Many studies have shown that there is a close connection between heart disease and dental problems. People with poor oral health (such as gum disease or tooth loss) are more likely than those with good oral health to experience cardiovascular issues like heart disease.
The link between heart disease and dental problems
It may seem unlikely that problems in your mouth may also affect the rest of your body, yet it is the case. Health problems like heart disease, diabetes, Alzheimer’s disease, rheumatic disorders, lung diseases, stroke, and many more are associated with oral bacteria despite the damage they cause to the mouth.
Researchers have linked problems within the carotid arteries to bacteria found in gum diseases such as P. gingivalis. The Cleveland Clinic claims that dangerous oral bacteria can increase levels of C-reactive inflammatory protein in the body, which is a risk factor for heart disease. In addition, many studies have suggested that treating gum disease may reduce the risk of heart disease.
Dental problems that can cause a heart disease
Gum inflammation, often known as gingivitis, is a common ailment characterized by swollen, sensitive, and readily bleeding gums. If left untreated, gingivitis can advance to periodontal disease, a more severe form of gum disease. According to the Centers for Disease Control and Prevention, this severe illness affects nearly 47% of Americans. Periodontal disease can lead to tooth decay, bone loss, and even tooth loss.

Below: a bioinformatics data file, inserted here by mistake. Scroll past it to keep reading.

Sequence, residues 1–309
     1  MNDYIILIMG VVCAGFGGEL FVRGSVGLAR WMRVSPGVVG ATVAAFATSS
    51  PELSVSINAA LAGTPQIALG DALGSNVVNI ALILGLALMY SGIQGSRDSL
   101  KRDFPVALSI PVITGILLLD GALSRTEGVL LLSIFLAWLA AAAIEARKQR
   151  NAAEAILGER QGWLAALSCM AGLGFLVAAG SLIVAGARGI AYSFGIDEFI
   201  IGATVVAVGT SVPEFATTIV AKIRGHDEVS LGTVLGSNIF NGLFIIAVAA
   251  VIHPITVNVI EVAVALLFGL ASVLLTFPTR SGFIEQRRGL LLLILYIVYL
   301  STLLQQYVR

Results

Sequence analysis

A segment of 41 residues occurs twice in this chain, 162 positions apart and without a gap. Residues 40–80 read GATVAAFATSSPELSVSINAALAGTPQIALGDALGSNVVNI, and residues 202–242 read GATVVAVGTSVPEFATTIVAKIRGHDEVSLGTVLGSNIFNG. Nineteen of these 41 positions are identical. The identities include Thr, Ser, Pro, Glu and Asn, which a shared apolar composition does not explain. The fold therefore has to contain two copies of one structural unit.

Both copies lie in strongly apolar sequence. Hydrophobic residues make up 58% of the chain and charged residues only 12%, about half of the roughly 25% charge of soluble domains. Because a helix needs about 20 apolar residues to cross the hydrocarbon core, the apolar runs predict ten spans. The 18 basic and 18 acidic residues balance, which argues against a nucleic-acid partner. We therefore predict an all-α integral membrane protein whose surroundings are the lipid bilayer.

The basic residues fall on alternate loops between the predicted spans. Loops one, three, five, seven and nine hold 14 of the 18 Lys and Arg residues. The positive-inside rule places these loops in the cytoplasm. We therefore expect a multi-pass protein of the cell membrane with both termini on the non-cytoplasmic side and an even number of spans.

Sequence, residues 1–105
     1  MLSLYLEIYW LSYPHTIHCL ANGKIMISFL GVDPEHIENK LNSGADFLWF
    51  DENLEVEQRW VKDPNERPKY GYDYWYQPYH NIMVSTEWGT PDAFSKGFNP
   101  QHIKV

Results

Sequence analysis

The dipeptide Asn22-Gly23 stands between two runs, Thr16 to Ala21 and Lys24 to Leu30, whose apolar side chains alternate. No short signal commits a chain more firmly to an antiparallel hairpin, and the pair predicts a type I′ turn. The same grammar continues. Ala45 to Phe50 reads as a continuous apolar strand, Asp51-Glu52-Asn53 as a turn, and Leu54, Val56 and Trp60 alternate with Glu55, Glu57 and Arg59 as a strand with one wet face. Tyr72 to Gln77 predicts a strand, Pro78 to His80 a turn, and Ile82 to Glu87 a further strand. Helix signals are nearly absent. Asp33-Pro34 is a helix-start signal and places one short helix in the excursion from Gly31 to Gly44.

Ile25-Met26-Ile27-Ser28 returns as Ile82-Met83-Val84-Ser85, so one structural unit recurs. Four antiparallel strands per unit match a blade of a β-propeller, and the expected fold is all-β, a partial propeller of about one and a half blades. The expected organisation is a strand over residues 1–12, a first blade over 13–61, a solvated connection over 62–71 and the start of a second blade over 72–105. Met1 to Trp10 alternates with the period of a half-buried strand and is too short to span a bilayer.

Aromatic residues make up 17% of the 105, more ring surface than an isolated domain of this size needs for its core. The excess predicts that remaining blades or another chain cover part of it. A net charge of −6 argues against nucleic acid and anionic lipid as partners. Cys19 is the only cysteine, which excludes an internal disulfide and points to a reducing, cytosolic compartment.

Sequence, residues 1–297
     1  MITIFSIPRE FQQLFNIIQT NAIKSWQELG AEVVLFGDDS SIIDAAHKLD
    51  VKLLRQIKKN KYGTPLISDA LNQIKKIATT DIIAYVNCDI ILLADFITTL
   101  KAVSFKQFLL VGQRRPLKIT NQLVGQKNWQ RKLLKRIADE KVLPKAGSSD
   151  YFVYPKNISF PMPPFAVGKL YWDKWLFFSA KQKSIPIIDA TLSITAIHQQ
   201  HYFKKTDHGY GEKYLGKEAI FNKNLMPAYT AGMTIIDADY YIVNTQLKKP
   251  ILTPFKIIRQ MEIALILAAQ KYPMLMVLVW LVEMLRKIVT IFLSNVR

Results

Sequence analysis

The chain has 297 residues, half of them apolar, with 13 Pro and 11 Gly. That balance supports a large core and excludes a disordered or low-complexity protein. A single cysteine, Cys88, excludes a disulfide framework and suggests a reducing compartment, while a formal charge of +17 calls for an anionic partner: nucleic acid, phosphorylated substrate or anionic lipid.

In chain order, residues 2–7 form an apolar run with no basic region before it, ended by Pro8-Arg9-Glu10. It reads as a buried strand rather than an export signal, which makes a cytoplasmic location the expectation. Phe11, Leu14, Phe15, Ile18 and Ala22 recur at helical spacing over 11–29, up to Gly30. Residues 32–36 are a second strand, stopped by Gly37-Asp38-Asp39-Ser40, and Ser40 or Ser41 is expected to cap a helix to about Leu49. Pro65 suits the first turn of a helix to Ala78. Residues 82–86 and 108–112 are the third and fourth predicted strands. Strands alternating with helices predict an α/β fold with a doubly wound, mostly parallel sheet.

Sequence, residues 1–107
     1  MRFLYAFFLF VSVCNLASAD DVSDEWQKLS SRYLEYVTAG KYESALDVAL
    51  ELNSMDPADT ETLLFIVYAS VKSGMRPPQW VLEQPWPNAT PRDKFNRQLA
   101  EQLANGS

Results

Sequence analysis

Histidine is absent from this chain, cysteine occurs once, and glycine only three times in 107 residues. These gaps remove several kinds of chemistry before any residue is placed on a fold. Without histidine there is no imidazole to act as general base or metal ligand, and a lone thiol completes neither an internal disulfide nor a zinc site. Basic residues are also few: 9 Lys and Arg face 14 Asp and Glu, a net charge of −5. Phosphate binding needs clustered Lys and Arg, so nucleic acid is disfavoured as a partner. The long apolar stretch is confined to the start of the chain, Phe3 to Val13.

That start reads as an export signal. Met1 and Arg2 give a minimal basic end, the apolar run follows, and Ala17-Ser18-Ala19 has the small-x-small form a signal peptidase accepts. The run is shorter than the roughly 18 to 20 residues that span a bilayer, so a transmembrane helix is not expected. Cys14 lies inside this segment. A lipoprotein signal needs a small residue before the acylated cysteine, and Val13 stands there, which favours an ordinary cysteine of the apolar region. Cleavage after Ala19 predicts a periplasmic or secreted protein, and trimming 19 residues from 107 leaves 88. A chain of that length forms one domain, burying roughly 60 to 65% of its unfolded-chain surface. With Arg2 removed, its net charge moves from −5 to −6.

Many researchers have shown links between all types of gum disease and heart disease. Some studies have even suggested a connection between tooth loss and an increased risk of heart disease. Inflammation and infection, both associated with gum disease, seem to be the most significant risk factors for heart disease.
What kind of heart disease can be caused by dental problems?
Some dental problems, such as gum disease, have been linked to the development of ischemic heart disease. It can happen when a blood clot interrupts the blood flow to the brain.
Ensure good dental health
Maintaining proper oral hygiene practice is essential since it will protect not only your dental health but also your general health. If you discover that your gums bleed when you floss or brush, this is generally a sign of gingivitis. To overcome this, make sure you brush your teeth twice a day daily. Additionally, it is critical to floss at least once a day to prevent bacterial growth in your mouth.
Not to mention that keeping up with routine dental checkups is essential for both preventing and treating oral health disorders that already exist. Good dental hygiene practices can lower your risk of experiencing heart disease and other systemic health problems.
How can our dentist help?
You can expect the best dental care from our dental professionals to prevent oral disease and improve your health. The benefits of routine comprehensive dental exams include early detection and treatment of tooth decay, gum disease, oral cancer, and much more.
Make an appointment with Family Dental Care at Oakville, Dentistry on Dunn for a dental checkup without further delay.
Also Read: How Is Oral Health Linked To Hypertension?